Acts 6:2, The Day Clergy Were Born

So the Twelve gathered all the disciples together and said, “It would not be right for us to neglect the ministry of the word of God in order to wait on tables.

//Today’s post might not be appreciated by all, but it’s something we should think about.

Here’s the story. Christians in the early church felt a keen responsibility to care for others, even to the point of donating all their belongings and holding all things in common. But the number of disciples was growing too fast, and not everybody was getting the daily distribution of food. So, the bigwigs got together and chose seven other people to take care of mundane duties, like waiting on tables. That freed the bigwigs up to “give our attention to prayer and the ministry of the word.”

But this separation of clergy and laity may not be what Jesus had in mind at all. Read, for example, Luke 22:26-27:

[T]he greatest among you should be like the youngest, and the one who rules like the one who serves. For who is greater, the one who is at the table or the one who serves? Is it not the one who is at the table? But I am among you as one who serves.

Thus Jesus expressly taught the Twelve how to be good waiters. The very men who later disdained that role, feeling they were too busy to bother, so as to take upon themselves the responsibility of ministry, instead.

On this day the clergy was born.


  1. I have problems with this, though I see your point of view. First of all, the distinction between clergy and laity as described is anachronistic. For example, a Bishop in one congregation would not necessarily be recognized as such in another in the early Church, and the Bishop was often elected from a council of elders. Secondly, if that term has to be used anachronistically, it could be argued Christ appointed “bishops” when he “commissioned” the 12, and other “clergy:” when he “commissioned the 70, and sent them out to minister among the “laity. However, to the verse at hand – in most Denominations, this is seen as the institution of the Office of Deacons, and it could be argued that this Office is the first “clergy” (the early church would not have seen it this way) as we now know it, as the Apostles were not yet functioning as Bishops nor were there many appointed Bishops (and, such as there were, they did not function as they now do), and the Office of Elder/Presbyter?priest was yet to come, in the sense we now know them. Therefore, whether Deacons are seen as clergy, as in some Denominations, or not, as in others, the Order of Deacons is the oldest Office still operating as it did in Biblical times.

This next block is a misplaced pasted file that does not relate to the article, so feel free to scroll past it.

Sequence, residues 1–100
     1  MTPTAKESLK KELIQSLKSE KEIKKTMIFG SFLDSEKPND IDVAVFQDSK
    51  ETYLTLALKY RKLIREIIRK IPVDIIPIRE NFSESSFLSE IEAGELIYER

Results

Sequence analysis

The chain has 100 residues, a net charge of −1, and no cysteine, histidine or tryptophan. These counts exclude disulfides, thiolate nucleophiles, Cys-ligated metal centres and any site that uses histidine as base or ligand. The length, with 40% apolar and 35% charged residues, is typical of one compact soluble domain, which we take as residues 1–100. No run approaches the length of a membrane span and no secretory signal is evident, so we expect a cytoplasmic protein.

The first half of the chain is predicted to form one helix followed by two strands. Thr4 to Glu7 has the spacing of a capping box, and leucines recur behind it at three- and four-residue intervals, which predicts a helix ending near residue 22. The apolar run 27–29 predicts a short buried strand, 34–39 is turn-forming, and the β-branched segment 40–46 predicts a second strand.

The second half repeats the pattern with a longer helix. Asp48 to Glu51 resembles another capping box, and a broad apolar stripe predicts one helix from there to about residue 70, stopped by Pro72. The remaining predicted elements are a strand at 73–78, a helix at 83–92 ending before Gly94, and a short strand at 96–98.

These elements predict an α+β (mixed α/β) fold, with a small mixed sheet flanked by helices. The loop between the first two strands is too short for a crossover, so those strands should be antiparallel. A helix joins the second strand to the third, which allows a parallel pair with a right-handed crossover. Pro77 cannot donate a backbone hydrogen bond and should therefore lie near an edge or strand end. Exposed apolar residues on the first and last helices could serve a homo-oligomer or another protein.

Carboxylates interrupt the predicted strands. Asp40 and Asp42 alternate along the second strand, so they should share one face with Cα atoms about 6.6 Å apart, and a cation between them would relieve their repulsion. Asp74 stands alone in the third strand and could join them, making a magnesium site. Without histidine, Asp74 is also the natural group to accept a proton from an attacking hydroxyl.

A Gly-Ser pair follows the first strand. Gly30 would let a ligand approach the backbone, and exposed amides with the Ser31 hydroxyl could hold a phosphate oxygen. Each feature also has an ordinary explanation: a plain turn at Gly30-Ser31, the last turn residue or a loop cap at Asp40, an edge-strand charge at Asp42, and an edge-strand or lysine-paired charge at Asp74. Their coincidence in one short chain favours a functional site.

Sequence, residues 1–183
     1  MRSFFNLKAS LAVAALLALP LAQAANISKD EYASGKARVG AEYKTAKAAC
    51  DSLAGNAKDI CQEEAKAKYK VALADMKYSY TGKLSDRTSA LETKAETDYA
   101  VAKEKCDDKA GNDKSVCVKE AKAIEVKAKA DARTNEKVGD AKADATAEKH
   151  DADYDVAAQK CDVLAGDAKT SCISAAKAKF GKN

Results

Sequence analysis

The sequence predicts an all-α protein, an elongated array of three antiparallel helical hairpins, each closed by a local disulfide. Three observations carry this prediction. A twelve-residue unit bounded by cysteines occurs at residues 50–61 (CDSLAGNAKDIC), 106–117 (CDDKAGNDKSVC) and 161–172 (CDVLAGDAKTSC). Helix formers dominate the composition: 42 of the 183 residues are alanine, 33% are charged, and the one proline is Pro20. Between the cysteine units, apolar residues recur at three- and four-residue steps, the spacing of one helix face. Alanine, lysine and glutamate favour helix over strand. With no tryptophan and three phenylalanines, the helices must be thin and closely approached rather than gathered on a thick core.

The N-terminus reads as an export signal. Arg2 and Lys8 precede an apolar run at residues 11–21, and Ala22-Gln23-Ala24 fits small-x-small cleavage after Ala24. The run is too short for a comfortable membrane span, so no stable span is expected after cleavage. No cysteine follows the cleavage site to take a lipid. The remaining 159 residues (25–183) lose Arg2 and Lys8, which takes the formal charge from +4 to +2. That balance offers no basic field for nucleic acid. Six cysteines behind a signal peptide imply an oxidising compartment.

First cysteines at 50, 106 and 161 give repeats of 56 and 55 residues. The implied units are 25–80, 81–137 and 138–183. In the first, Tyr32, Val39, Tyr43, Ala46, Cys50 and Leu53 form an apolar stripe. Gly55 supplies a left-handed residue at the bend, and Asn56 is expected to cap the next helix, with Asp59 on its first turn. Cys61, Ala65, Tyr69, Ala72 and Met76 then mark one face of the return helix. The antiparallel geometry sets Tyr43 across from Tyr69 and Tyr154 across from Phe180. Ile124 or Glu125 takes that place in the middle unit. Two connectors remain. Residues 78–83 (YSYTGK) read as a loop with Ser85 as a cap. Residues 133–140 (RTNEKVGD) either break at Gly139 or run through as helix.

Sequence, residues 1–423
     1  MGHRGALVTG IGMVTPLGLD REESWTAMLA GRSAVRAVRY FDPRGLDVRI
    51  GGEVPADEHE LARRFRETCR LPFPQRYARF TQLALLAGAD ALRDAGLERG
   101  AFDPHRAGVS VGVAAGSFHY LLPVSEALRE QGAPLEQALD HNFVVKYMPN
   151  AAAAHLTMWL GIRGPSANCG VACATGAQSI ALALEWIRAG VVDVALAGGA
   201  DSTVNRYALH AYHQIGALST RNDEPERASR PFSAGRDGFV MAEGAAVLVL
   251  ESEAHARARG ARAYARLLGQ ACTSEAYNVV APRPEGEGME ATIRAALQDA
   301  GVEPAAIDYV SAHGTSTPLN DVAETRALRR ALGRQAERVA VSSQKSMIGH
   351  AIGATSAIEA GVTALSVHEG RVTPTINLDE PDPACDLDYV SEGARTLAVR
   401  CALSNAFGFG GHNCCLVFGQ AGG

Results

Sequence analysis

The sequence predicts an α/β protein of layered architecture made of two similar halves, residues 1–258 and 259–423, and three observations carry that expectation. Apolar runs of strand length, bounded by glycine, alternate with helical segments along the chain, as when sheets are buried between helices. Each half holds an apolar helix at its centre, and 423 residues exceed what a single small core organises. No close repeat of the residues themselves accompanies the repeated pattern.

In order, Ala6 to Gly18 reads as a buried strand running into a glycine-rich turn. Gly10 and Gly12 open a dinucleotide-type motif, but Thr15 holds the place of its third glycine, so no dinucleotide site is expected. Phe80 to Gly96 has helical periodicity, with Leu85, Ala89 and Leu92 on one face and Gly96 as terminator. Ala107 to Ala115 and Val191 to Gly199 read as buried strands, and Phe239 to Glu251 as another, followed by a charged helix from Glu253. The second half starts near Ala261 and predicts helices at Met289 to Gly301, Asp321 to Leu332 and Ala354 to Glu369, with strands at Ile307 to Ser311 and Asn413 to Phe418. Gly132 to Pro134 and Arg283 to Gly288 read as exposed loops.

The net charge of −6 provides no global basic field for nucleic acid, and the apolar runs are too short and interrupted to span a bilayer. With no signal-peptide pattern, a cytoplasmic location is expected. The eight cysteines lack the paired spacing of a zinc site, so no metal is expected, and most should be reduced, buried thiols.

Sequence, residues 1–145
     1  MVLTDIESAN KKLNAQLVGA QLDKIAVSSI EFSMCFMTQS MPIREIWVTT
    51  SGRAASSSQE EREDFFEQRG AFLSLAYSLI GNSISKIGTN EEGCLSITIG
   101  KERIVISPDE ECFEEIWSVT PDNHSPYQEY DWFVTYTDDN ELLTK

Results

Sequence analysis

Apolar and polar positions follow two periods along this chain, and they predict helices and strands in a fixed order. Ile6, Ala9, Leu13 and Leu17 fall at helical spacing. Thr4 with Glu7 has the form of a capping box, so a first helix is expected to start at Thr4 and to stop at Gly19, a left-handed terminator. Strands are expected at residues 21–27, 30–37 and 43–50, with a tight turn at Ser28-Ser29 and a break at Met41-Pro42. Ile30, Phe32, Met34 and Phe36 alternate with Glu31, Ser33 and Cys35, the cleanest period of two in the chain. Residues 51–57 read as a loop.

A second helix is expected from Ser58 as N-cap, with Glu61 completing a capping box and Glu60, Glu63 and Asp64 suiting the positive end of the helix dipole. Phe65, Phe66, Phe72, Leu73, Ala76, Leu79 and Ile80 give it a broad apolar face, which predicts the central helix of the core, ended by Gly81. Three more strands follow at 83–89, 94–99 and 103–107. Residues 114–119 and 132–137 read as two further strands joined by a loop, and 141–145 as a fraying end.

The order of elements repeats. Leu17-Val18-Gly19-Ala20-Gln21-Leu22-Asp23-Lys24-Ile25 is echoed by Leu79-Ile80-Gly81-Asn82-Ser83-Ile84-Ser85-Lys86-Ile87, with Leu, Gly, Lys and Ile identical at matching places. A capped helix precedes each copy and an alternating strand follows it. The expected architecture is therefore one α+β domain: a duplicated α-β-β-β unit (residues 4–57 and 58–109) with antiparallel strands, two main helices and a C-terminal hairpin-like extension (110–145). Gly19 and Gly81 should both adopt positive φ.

2. Hi John, thanks for responding! Many of my posts derive from the books I review, and this one stems from a John Henson book, though I’m not certain I recall which one.

    Regardless of the titles presented, on this day the idea was born that certain Christians should reserve their time for ministering, while others should care for them to free their time. I recognize it’s uncomfortable to think of this distinction as being clergy vs. laity. The image hit me particularly hard because of the Christian group I grew up in…so while it doesn’t hold true for all or even most churches/denominations, for some, it speaks truly.

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